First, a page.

A city employee in Bridgeport, Washington was fired on account of a $1.69 cherry pie, according to an article published by the Wenatchee World. David Greer, who was an employee in Bridgeport’s public works department for 21 years, is now filing a wrongful termination lawsuit against the city.
Greer was picking up snacks for his coworkers when he placed the pie in his pocket because he had too many things to carry. After receiving a citation for shoplifting, Greer reported the event to the mayor of Bridgeport, who placed him on 30-day unpaid leave. Greer’s ticket was dismissed after he apologized for the incident and compensated the store owner for the pie. Greer told the mayor about the settlement and was subsequently fired. The mayor stated that she fired Greer for theft, which is listed as a terminable offense in the city’s personnel manual.
Whether Greer will prevail on his wrongful discharge claim depends on Washington law. Washington is an “at-will” state, which means that an employer can fire an employee at will, without any kind of notice or procedure. Employees can also resign at will without giving any kind of notice. However, there are some instances in which an employee cannot be fired:
Public Policy Exceptions
In some cases, an employer’s reasons for firing an employee may violate public policy. In order to protect the public, an employer is prohibited from firing an employee on account of certain acts, including:
-Serving jury duty
-Filing a workplace rights complaint
-Filing a safety complaint
-Filing an injured worker claim
-Refusing to do an illegal act
In these cases, the state has determined that the public’s interest in having these public policies followed is stronger than the employer’s right to fire an employee at will.
Exceptions Based on Other Laws
Under federal and Washington state laws, employers cannot fire an employee for certain prohibited reasons, including:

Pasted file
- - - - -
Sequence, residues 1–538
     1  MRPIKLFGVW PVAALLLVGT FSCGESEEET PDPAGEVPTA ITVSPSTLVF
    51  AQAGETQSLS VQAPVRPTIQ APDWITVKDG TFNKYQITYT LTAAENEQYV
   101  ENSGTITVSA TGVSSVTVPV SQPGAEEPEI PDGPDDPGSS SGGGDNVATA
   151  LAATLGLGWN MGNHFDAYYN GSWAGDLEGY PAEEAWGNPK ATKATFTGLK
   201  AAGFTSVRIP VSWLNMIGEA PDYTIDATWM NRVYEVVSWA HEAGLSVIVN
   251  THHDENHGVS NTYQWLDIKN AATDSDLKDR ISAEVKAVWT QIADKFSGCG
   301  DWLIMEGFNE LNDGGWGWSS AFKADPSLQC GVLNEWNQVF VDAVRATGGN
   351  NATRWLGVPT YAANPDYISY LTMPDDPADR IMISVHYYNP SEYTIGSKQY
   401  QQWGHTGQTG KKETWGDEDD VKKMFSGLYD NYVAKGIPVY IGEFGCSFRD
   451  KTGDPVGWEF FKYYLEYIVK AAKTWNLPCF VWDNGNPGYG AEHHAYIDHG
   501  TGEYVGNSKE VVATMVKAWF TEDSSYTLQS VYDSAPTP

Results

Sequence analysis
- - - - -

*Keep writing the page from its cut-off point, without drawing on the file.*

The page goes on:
-Discrimination: an employer cannot fire an employee on account of his age, race, color, gender, national origin, religion, sexual orientation, marital status, or physical or mental disability.
-Whistleblowing: an employer is prohibited from retaliating against an employee who complains about an unlawful employment practice such as discrimination or wage theft.
Though Washington is an at-will state, an employer cannot breach an employment contract or policies outlined in company handbooks. This exception also includes an implied employment contract, where the employer has made definite and clear-cut statements about the employee’s job security.
Civil Service Employees
Under Washington law, civil service employees have certain job protections. Before an employee can be fired, demoted, or suspended, the employer must give a written accusation. In addition, the employee can only be fired for cause. Grounds for discharge include:
-Neglect of duty
-Dishonest, unlawful, or disrespectful acts
-Becoming unfit for the position
-Drunkenness or drug use that interferes with duties
-Conviction of certain crimes
-Any other acts showing unfitness for civil service
Even in an at-will state like Washington, an employee cannot be fired for certain reasons. Employees who believe they have been wrongfully terminated should contact an employment lawyer to protect their rights.